Arthur Felberbaum, founder of the New York Marxist School, teaches Capital at the School's first home on the corner of West 4th and Barrow Street

The New York Marxist School


When people attempt to resolve the problems that plague everyday life and even threaten survival on this planet, from poverty, disease, discrimination and alienation to war, economic crisis and environmental devastation, they come face to face with difficult questions: Can society be changed significantly for the better? What kind of changes would be needed? and, Who could bring about such changes?

Questions like these are what motivated Karl Marx and Fredrick Engels to develop a method for studying the dynamics of change in societies.

In 1975, a group of civil rights, community, labor, and student activists came together to found the Brecht Forum's New York Marxist School. They saw the study of marxism as central, not as a dogma but as a living current of thought and as a vital tool for understanding capitalist society. They believed that the study of our reality, an informed public, clear-headed reflection on our actions, and an open, and inclusive space for the exchange of experience and discussion and debate of ideas are all essential to building the kind of movement we need if we want to create a better world..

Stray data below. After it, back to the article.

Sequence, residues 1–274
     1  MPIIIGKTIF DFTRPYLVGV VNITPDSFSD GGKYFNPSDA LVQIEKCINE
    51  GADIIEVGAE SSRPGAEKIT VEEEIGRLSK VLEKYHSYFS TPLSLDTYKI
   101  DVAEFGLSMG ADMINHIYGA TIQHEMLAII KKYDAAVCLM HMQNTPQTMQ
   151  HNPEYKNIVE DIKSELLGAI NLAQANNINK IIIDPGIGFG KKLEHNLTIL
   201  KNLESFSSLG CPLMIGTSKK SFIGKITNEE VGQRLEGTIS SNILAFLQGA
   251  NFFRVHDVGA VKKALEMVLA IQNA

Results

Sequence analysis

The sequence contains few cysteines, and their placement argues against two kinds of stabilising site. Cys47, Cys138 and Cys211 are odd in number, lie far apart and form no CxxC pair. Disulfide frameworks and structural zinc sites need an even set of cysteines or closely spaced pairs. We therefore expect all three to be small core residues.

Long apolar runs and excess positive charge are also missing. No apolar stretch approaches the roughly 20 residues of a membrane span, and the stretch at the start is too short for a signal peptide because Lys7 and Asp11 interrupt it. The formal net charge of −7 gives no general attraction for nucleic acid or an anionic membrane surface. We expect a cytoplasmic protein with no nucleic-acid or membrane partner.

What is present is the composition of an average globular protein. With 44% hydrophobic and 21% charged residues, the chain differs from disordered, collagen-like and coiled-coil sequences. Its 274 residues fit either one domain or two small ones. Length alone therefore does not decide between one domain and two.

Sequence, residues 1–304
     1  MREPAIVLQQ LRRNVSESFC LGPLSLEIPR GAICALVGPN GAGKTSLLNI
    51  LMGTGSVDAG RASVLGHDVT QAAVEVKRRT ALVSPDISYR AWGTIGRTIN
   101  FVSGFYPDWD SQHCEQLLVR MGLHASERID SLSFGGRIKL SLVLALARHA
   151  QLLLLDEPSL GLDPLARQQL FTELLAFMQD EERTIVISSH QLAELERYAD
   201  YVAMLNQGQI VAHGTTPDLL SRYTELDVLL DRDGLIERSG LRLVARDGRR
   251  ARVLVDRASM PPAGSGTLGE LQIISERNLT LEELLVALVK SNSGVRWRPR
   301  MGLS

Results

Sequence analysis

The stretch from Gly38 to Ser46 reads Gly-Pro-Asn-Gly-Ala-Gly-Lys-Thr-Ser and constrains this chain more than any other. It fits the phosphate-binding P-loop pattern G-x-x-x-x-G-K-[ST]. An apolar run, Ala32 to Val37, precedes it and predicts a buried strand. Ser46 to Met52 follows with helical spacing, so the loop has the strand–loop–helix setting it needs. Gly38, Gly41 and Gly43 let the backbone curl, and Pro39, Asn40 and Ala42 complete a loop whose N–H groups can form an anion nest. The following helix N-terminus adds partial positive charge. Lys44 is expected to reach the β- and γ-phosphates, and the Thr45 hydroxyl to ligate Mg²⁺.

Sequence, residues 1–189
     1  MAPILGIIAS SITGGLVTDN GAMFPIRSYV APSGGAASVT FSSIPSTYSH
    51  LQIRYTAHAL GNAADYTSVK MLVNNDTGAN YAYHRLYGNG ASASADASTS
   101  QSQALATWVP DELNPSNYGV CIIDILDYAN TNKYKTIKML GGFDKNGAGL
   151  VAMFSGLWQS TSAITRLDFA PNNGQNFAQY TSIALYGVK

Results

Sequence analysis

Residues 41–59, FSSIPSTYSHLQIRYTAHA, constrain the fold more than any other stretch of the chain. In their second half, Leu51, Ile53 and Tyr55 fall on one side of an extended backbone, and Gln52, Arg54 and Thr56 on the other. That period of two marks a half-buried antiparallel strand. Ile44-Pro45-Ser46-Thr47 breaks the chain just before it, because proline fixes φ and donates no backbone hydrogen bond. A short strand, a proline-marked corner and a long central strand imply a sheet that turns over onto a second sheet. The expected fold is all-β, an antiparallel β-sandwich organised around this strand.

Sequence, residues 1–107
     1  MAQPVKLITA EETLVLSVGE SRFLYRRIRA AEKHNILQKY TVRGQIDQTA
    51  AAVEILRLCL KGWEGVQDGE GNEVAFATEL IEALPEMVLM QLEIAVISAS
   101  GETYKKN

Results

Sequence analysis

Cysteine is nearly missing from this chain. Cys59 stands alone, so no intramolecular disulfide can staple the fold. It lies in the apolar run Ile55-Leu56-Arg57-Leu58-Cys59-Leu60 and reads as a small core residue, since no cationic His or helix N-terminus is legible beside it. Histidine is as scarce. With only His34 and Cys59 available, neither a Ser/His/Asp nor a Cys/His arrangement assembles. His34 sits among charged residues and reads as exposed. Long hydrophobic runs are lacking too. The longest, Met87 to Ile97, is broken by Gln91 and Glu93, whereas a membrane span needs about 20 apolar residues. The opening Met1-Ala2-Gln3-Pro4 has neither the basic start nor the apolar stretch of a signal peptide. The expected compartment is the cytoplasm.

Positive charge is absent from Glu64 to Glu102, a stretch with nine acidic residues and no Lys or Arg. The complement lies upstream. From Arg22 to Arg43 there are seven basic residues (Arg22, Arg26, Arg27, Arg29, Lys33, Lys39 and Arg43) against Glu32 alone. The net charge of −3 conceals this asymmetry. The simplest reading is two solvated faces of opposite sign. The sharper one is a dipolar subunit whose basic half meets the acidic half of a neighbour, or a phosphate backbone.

Their collective vision combined with their commitment to the struggle for social transformation led them to develop a vital, non-sectarian institution that could offer serious study and discussion of social and political issues in a non-academic, community-level setting.

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